A ferocious fire in a neglected boarding house in the inner city suburb of Newtown on March 15 has led to renewed calls for tenants’ rights and greater government regulation of these often neglected places.
The explosion which led to the fire was so intense that an 80-year-old man, Ronnie, was forced to jump from a two-storey window of the 14-room Vajda House. He had a heart attack on his way to hospital and was lucky to survive. Three people died.
Boarding houses are mostly inhabited by single men, often older and living with illness, mental health issues or disabilities. In a fairer society, many older residents would live in a home or hospice setting.
Residents share a kitchen and living space, rarely have their own bathroom, and for these reasons are technically considered homeless by the Australian Bureau of Statistics.
Shelter New South Wales chief executive John Angler said: “Boarding houses are at the end of the day only ever an option B. They’re better than the alternative, rough sleeping, but they’re not an [option] A.”
Boarding house residents can be easily evicted, so most never ask for basic improvements.
The NSW government brought in a compulsory register of boarding houses in 2012, under which the Vajda House was listed. But Newtown Neighbourhood Centre (NNC) CEO Liz Yeo said many are still not registered. NNC has been campaigning for greater rights for boarding house tenants.
The Boarding House Act includes “promoting the sustainability of, and continuous improvements in, the provision of services at registrable boarding houses”. Local governments are required to inspect boarding houses (under a 1993 act) for building and fire safety, but Homelessness NSW chief executive Katherine McKernan said it is not enforced.
She told The Guardian on March 20: “Local councils are responsible for regulating but any fines etc go to the state government. What that means is local government have to invest a lot to regulate and they don’t get any recompense for that. What we’re then relying on is the goodwill … of the councils.”
NNC’s Paul Adabie supports a licencing or accreditation scheme to regulate who can operate boarding houses. The centre said many residents are relatively satisfied with their boarding house rooms.
A 2019 survey of boarding houses in central and southern Sydney, by the City Futures Research Centre at the University of New South Wales, found that of the estimated 6000 boarding rooms approved, around half were deemed operational. It also found that the “profile” of occupants was “much closer” to typical renters than to transitional boarding house occupants or social housing waitlists.
It said new boarding houses “do not offer a significantly more affordable housing option”, compared to others in the private rental market.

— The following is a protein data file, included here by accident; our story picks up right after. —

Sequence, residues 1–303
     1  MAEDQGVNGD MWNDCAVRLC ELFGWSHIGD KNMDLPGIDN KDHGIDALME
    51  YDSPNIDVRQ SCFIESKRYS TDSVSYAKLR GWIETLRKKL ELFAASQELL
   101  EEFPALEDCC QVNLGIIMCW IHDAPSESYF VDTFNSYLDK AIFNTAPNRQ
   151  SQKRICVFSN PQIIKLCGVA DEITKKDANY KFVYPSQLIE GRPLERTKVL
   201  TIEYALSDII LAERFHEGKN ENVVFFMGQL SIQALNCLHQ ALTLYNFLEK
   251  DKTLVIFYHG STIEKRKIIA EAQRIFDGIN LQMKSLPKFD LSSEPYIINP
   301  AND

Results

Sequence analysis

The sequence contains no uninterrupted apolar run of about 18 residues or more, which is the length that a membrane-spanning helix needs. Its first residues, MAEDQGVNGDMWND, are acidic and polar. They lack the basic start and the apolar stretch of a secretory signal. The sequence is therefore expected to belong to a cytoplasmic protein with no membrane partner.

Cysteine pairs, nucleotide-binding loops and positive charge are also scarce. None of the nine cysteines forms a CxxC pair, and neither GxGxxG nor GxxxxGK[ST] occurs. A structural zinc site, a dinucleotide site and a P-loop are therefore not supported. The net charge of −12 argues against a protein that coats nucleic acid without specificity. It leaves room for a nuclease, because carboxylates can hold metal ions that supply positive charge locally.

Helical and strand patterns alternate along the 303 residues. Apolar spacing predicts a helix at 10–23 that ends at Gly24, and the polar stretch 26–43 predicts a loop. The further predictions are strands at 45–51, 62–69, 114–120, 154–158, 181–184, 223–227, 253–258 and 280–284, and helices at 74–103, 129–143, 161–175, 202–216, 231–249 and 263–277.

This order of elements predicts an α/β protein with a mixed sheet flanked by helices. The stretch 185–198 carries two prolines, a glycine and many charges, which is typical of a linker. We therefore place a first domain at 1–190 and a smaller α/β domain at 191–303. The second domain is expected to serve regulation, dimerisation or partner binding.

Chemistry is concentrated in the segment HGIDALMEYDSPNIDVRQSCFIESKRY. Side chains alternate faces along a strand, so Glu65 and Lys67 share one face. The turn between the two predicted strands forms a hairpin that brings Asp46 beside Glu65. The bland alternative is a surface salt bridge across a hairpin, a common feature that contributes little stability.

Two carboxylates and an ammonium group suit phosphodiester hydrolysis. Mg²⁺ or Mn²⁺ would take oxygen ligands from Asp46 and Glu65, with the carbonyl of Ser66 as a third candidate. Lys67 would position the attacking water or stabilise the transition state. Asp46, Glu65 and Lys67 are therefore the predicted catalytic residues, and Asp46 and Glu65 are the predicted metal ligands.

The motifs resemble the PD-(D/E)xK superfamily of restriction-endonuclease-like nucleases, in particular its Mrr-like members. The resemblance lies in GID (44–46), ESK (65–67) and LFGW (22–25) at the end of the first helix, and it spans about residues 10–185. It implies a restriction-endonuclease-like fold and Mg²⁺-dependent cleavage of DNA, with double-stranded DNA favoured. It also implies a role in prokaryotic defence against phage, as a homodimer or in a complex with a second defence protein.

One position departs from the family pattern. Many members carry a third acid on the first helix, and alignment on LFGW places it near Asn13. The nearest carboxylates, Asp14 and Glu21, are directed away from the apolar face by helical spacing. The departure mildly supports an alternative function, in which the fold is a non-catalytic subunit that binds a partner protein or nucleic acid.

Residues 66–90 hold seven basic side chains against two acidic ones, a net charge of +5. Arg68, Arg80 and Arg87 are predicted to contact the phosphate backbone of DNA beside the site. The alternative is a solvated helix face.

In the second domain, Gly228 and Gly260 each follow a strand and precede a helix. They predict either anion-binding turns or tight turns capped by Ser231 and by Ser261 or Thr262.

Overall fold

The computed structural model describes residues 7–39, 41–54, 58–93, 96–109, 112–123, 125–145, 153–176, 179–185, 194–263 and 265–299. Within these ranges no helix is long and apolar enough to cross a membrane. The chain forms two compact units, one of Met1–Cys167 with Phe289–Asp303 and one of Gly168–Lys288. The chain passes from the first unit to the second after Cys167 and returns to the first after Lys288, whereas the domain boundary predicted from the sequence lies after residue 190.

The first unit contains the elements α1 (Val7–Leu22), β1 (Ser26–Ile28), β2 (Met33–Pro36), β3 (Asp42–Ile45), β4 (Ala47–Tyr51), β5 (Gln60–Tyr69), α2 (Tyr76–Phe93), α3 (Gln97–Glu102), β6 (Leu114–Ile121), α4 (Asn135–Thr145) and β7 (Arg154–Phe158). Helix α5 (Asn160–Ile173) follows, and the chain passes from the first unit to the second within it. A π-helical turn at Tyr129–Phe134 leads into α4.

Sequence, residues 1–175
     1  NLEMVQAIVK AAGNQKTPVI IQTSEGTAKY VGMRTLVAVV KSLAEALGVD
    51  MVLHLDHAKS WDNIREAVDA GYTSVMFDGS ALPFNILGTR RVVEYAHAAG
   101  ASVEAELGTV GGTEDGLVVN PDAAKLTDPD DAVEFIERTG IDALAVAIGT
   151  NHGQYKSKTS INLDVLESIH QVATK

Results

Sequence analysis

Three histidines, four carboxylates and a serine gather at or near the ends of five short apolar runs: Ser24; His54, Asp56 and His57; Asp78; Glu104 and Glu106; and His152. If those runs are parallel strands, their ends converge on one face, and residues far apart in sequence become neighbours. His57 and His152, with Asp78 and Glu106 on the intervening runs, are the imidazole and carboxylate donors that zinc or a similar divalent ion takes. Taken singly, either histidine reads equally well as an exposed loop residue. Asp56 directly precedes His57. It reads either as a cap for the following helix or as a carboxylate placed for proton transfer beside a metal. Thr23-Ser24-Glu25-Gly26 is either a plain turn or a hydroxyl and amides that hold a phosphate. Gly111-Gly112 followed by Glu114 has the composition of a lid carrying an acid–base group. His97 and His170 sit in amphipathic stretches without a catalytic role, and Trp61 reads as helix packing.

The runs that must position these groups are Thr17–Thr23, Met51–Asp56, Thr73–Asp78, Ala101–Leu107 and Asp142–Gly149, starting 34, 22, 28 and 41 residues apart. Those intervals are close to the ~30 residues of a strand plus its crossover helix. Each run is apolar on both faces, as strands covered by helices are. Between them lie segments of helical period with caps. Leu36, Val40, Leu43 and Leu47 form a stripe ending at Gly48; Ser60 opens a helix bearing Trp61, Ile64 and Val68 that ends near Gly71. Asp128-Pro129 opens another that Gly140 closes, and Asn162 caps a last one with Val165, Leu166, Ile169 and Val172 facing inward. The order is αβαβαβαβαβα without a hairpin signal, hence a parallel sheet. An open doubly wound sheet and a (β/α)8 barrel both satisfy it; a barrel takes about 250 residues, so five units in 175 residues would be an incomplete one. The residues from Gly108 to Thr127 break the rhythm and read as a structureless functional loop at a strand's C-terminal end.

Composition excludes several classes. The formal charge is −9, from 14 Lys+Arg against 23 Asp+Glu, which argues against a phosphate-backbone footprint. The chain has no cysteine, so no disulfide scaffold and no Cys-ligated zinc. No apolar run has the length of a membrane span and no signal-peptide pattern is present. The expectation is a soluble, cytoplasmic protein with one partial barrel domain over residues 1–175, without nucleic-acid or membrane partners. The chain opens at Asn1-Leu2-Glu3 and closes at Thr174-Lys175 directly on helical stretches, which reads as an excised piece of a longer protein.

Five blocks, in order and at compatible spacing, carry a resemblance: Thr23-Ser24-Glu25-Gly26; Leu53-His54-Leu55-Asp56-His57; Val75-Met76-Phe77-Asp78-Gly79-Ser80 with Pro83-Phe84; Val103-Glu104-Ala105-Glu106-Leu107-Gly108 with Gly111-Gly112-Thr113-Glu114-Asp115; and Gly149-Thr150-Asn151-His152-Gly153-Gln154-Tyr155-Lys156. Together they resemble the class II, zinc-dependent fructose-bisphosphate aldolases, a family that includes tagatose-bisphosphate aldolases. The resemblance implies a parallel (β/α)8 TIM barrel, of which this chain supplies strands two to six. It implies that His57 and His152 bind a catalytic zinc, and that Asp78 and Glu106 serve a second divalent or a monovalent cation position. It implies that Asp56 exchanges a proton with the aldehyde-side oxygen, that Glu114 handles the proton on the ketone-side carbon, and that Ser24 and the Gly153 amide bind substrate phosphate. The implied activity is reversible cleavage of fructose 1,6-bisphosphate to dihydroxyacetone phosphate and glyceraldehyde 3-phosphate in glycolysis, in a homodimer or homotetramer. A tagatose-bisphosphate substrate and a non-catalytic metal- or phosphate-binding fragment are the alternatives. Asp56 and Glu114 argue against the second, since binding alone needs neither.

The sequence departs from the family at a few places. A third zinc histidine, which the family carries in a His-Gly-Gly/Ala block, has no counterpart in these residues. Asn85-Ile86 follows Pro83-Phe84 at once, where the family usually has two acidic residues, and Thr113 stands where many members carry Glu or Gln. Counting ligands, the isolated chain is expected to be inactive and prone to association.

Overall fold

“Yet, most residents (64%) were on low incomes (< $800 per week), nearly all (90%) of whom were paying more than a third of income on rent, and so classified as being in rental stress. Overall, at least two thirds (and potentially as high as four fifths) of occupants were in rental stress. This suggests that this form of accommodation is not suitable for most current occupants over the longer term. This form of accommodation is also not suitable for those identified as in need of affordable housing — such as those on social housing waitlists, those excluded from mainstream rental markets or those seeking transitional housing.”
A quick check online for boarding house rooms came up with $680 a month for a furnished room in Annandale and $800 a month for similar, with a shared kitchen and laundry, in Paddington. The old age pension is $744 a fortnight, which means after paying rent, boarding house residents have $170–260 a week for bills and food.
As the wait list for social housing in NSW is so huge — 50,000 applications representing more than 100,000 people — and many more in need of affordable housing, it is little wonder that people are opting for boarding house accommodation.
In response to the Newtown fire, Greens MP and housing spokesperson Jenny Leong said the NSW government must investigate acquiring privately-owned boarding houses to bring them up to a liveable standard and run them as safe, secure, affordable and publicly-owned social housing.
“Over-crowding and poor living conditions inside boarding houses are a symptom of Sydney’s chronic shortage of social and affordable housing,” Leong said on March 18.
“The reason there is such demand for boarding houses in the inner city is because the public housing waitlist is so long, the private rental market is completely unaffordable and there are vulnerable people who need access to social services and support, who aren’t able to get that support.”
Changes made in January require that new boarding house accommodation be “affordable” and run by community housing providers for 10 years, Leong said. But the regulation is not retrospective, which is why she wants the government to buy the properties.
The solution is publicly-owned and run, or not-for-profit, safe and secure housing for people, not private boarding houses, Leong said.